Good science vs. bad science in fitness claims


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- Alex Hutchinson (@sweatscience)


The latest Jockology column in the Globe and Mail is now available online:

Pretty much every fitness product claims to be “backed by science.” But a recent spate of lawsuits against the makers of Power Balance bracelets highlights how empty these claims can be. Even for companies trying to do the right thing, navigating the complexities of scientific evidence can be a challenge, as the following examples illustrate…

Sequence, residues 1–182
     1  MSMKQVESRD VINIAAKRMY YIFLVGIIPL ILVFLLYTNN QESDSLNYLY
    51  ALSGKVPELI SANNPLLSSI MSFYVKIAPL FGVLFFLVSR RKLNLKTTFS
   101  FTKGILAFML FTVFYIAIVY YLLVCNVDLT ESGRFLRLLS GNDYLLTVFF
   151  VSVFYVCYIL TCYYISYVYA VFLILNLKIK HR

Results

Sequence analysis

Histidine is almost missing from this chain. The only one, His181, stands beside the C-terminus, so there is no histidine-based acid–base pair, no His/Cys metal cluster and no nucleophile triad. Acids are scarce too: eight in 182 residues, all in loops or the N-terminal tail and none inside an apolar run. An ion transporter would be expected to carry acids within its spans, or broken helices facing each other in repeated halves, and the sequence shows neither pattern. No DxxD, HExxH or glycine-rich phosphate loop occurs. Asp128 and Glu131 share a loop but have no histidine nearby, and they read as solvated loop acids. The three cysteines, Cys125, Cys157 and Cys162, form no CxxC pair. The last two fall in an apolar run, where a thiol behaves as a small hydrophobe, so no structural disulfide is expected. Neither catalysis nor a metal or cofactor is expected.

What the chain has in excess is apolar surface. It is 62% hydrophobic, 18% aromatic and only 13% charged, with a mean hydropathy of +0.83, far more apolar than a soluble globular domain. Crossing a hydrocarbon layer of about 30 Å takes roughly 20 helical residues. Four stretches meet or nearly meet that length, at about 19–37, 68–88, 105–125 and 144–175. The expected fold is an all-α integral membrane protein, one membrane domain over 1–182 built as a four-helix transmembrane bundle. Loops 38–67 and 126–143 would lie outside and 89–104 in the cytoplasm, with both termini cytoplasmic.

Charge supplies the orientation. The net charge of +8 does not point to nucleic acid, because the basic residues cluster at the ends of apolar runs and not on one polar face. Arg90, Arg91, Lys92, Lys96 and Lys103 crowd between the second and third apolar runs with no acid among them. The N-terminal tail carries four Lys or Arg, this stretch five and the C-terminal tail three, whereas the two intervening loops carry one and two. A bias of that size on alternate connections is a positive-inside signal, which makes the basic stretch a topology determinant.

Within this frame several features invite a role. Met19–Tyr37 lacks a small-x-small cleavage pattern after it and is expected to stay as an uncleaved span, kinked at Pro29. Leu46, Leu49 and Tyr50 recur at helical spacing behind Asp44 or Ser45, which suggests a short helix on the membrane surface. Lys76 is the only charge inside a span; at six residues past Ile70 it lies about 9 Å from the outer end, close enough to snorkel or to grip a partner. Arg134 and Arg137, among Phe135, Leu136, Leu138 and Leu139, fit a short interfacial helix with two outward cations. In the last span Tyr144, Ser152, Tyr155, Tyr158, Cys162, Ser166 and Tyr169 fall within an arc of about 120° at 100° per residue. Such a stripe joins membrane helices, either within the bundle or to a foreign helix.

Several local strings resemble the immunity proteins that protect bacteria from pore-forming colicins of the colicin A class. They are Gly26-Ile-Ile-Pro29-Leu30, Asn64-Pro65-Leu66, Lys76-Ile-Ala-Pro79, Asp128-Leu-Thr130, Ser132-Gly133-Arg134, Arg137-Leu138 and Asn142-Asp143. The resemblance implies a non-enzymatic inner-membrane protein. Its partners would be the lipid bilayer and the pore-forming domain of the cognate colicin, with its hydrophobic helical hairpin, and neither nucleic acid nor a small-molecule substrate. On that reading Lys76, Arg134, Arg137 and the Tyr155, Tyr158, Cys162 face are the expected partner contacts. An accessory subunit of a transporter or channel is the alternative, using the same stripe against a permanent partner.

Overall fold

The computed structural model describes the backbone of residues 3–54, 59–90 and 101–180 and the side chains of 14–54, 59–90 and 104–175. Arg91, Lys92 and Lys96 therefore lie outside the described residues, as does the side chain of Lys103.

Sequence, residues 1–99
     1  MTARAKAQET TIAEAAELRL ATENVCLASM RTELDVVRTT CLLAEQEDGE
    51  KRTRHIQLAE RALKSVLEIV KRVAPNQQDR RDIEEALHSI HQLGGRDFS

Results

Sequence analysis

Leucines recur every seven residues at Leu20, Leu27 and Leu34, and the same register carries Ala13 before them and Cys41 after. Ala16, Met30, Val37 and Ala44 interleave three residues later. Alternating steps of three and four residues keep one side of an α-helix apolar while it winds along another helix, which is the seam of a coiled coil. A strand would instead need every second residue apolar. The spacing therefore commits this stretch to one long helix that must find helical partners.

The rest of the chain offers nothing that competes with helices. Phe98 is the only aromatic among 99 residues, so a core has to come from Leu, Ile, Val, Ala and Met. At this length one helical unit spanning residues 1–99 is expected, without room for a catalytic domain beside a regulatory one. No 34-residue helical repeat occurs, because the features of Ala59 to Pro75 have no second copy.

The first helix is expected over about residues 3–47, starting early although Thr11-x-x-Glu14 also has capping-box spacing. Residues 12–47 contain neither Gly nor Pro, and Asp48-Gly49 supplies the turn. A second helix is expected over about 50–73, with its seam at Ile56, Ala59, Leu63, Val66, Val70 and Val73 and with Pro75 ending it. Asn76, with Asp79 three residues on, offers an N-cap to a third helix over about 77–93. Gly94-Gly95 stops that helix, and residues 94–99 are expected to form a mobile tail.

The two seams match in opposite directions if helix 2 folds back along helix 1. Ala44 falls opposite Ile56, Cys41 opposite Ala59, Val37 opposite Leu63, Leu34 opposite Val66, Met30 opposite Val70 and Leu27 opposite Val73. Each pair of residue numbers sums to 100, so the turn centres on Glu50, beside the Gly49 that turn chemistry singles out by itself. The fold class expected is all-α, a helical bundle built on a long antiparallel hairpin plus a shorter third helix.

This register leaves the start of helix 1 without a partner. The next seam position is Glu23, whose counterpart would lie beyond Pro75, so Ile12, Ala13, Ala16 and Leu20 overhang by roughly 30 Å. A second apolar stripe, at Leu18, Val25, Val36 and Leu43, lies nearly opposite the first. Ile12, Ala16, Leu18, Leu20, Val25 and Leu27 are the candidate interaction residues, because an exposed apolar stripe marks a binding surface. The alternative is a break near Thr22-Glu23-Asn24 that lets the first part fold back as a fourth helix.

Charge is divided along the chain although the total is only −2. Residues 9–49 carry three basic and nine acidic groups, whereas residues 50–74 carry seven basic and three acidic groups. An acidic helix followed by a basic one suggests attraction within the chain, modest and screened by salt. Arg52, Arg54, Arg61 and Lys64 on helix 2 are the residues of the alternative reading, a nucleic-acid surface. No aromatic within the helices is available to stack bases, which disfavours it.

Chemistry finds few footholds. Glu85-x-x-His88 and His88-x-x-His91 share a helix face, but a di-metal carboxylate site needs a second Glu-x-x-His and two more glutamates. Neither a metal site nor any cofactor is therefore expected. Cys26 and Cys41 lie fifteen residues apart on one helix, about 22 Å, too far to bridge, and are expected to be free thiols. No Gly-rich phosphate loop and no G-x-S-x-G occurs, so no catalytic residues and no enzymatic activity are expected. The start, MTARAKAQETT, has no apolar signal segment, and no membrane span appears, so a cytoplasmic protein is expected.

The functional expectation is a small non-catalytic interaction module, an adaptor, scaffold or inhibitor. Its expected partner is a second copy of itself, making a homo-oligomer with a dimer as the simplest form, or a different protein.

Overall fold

The examples are Power Balance bracelets, Athletic Propulsion Labs’ “banned” basketball shoes, Reebok’s “oxygen-enhancing” ZigTech clothing, Gatorade’s claim that drinks with electrolytes help reduce the risk of hyponatremia, and — my favourite these days — beet juice’s endurance-boosting effects. There’s also a nice supporting graphic from Trish McAlaster.

3 Replies to “Good science vs. bad science in fitness claims”

  1. I feel more balanced trail running with my hand-held water bottle(s)?
    Maybe there is some wacky science behind that one.

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